Riddle me this: What wines come from Portugal but aren’t port? And what Portuguese wines are called “vinho verde,” which translates to “green wine,” but aren’t green?
If you get the answer right, you can discover a couple of new kinds of wine that are tasty, fun and inexpensive. Light, crisp, fruity whites that are great with food or just by themselves. Hearty reds that can tame the biggest of steaks.
Here’s how it works: Vinho Verde in fact is a wine region, in the cool, rainy and, yes, green part of northwestern Portugal. The wines aren’t green in color, but green in the sense that they are youthful, fresh, bottled quickly after picking and meant to be drunk in short order.
The resulting wines are light and lively, extra-fruity, sometimes with a lightly spritzy quality that make them good as aperitifs, with goat cheese or with light seafood and shellfish dishes or white meats like chicken or turkey.
The grapes that make the white wines are indigenous to Portugal and, sometimes, neighboring Spain. The best known is called alvarinho in Portuguese, a lean, crisp white grape probably better known by its Spanish name, albariño. Many of the whites also blend in highly aromatic loureiro and trajadura for its citrus tang.
Other white grapes are added, too, sometimes — Portugal’s 14 growing regions produce 250 different indigenous grape varieties.
So what are the red grapes that are from Portugal but aren’t port? Read on.
Portugal has been making wine for 2,000 years, historians say. The first noted shipments of the sweet, powerful red dessert wine called port (or porto to the Portuguese) were in the late 1600s. Ports quickly became the post-dinner wine of choice in England and later in colonial America.
Port is made to be powerful and sweet. Fermentation is stopped before all the natural grape sugar is used up, leaving the wine sweet. It is then fortified with the highly alcoholic grape brandy, making the finished wine powerful, with up to 20 percent alcohol.
The red grapes for port are powerful themselves — touriga nacional, touriga francesa, tinta roriz, tinta barroca and several others little known in other countries.
But more recently Portugal has branched out from port. It has begun making modern, top-quality red table wines of the traditional port grapes. These are regular wines, dry, with only about 12 percent alcohol, like table wines from other countries.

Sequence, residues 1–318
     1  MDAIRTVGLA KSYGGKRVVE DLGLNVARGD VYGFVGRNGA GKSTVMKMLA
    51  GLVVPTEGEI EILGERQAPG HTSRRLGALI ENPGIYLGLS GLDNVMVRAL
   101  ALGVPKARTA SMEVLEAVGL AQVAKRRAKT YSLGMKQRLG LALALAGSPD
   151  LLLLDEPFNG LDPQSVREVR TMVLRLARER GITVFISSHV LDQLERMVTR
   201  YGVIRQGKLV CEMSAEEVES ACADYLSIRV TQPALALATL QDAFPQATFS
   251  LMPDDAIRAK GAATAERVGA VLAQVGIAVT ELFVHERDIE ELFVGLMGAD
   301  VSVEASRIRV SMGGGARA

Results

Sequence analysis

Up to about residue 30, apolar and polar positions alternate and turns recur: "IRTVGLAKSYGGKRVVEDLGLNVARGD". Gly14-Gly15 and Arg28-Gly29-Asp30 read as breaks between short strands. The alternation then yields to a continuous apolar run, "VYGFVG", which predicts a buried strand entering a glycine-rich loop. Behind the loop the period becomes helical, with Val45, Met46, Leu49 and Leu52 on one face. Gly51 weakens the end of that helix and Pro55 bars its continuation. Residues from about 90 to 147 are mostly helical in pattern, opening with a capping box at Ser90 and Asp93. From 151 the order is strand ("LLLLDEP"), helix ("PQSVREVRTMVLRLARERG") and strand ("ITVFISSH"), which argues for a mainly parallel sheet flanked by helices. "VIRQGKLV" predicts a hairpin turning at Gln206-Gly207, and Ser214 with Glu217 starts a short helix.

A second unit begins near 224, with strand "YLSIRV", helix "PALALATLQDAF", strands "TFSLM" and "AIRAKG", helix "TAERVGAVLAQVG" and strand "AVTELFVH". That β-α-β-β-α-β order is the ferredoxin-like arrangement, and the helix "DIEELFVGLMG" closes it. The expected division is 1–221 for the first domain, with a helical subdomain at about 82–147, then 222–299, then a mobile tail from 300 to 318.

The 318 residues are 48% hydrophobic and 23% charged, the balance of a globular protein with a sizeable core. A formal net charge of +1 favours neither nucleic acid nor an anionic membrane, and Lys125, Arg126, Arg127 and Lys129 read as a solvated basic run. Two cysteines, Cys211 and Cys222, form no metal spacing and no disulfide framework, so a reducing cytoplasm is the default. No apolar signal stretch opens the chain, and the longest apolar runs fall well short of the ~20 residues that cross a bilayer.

Portuguese red table wines can range from light and fruity to powerful and tannic — good matches for roasted or grilled meats and wild game.
Modern Portuguese wines are readily available in shops across the country. They’re inexpensive, with many under $20. Here’s your chance to try them.
▪ 2014 Quinta da Aveleda Vinho Verde white wine, Portugal (loureiro and alvarinho): light, crisp and fruity, with floral aromas and flavors of white grapefruit and limes; $9.
▪ 2012 Dow “Vale do Bomfim” Douro DOC red table wine, Douro Valley, Portugal (50 percent tinta barroca, 10 percent touriga nacional, 20 percent touriga francesa, 10 percent tinta roriz, 10 percent other varieties): lively aromas and flavors of black plums, black cherries and coffee, full body, powerful tannins, rich and full-bodied; $13.
▪ 2013 Aveleda Douro white wine, Portugal (gouveio, malvasia and moscatel): light, crisp and fruity, with aromas and flavors of lemons, limes and mangos, serve very cold; $8.
▪ 2014 Aveleda Vinho Verde white wine, Portugal (loureiro, trajadura and arinto): delicate floral aromas, flavors of ripe apricots, citrus and spice; $8 per magnum.
▪ 2012 Luis Pato Colheita Seleccionada red wine, Bairrada/Beira Atlantico (70 percent baga, 30 percent touriga nacional): unoaked, light and crisp, with intense flavors of red raspberries and black pepper, very dry; $16.
▪ 2014 Anselmo Mendes “Muros Antigos” Alvarinho Vinho Verde DOC white wine (100 percent alvarinho): crisp and dry, full-bodied, with aromas and flavors of limes, mangos and minerals, refreshingly bitter finish; $22.
▪ 2013 José Maria da Fonseca “Domini” Red Wine, DOC Douro, Portugal (52 percent touriga nacional, 31 percent tinta roriz, 17 percent touriga francesa): dark hue, floral aromas, flavors of black plums and minerals, soft and round; $16.